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Lynne Sachs & Mark Street: A Marriage of Remakes

   

Personal and independent, experimental films represent the height of filmic subjectivity, maybe most notably expressed in the work of Stan Brakhage, who sought to recreate the physical act of seeing with his first person films. These works run the gamut from Brakhage’s physiological reconstructions of vision through a range of more poetic and metaphoric approaches, be they perceptual, emotional, historical or material. So the conceit of XY Chromosome Project’s presentation of Lynn Sachs & Mark Street: A Marriage of Remakes  at Brooklyn’s Microscope Gallery represents a perspectival place of particular interest in that it itself is an attempt to give material form to intersubjectivity.

Sachs and Street have been a couple for nearly 30 years, and have both made works independently (Street’s 2016 documentary Oiltowns) and together (XY Chromosone Project 2007). The films on view at Microscope Gallery however, which lend the concept and name to A Marriage of Remakes, are somehow neither by one filmmaker or the other: they are remakes, reconstructions, reimaginings, re-realizations of each other’s work. Sachs and Street have each remade films by her or his partner, creating a new dimension in both their work, elucidating through the nature of the project both the translatable and the untranslatable.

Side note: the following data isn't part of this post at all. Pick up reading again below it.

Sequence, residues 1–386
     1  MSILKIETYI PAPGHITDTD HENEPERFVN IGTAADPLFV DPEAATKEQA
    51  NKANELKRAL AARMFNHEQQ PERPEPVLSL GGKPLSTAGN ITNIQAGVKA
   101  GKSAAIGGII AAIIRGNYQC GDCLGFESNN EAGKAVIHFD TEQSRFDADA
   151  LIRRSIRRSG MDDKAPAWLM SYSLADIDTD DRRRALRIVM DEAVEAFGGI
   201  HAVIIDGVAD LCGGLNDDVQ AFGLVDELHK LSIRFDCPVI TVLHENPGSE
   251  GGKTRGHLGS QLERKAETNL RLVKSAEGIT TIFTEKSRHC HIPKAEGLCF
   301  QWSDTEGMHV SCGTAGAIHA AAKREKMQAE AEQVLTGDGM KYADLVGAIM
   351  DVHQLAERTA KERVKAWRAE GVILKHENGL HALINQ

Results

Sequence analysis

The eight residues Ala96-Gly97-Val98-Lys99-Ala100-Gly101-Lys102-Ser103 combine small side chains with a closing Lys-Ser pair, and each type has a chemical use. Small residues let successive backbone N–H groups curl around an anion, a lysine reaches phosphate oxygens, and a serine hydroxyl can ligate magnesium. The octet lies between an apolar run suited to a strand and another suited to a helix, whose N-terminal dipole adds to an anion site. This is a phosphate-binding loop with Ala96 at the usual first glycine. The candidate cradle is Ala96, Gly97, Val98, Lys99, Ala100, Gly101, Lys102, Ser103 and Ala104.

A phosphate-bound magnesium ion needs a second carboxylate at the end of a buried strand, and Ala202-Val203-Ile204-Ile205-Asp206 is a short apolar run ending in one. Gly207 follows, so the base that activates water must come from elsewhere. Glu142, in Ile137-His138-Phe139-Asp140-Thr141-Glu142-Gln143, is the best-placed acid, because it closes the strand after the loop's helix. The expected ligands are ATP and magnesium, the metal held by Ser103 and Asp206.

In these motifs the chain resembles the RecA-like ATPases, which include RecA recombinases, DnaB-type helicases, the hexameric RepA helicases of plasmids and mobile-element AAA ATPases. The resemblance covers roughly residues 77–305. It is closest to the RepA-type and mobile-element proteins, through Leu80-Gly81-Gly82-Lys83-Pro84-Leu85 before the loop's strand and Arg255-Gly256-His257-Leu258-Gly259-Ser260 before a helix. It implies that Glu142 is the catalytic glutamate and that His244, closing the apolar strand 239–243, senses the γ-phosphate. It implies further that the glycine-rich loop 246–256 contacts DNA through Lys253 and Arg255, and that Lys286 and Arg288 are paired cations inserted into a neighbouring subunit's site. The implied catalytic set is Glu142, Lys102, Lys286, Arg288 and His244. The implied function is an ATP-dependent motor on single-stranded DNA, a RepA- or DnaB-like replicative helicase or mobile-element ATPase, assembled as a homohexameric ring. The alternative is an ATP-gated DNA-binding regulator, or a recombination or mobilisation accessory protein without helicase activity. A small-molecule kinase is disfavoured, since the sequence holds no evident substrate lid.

In her 2012 16mm work, Same Stream Twice, Sachs films her and Street’s young daughter, Maya, moving in a circle. The camera stands at the center point tracing her circular trajectory. The image is high contrast black and white, grainy and evokes a stoic femininity reminiscent of Gunvor Nelson’s gorgeous and haunting 1969 film My Name is Oona—both are filled with strength and dignity, an almost pagan vision of female power. Street’s video, Boys To Men, is constructed largely around the same axis of movement and the same conceit, with the wheel of time turning as children, in this case boys, become adults. The short video however, is devoid of Sachs’ haunting photography and solemnity, instead taking place in any old park in Brooklyn. It seems more a video document than a poetic vision. From these two works, qualities which distinguish Sachs’ work from Street’s begin to become clear, the revelations moving in both directions—Sachs favors grainy 8 and 16mm film with even, or completely absent, soundtracks, while Street favors more documentary like images and isn’t afraid of jarring sound or colliding frames. What unifies them however is somewhat more nebulous. Is there a shared idea or approach, or is this experiment in “remaking” evidence that a relationship creates it’s own intersubjective perspective, where two independent visions meet? At the very least, Sachs and Street’s project is an intriguing and worthwhile attempt to give this phenomenon a unique expression and form of its own.

Past Screenings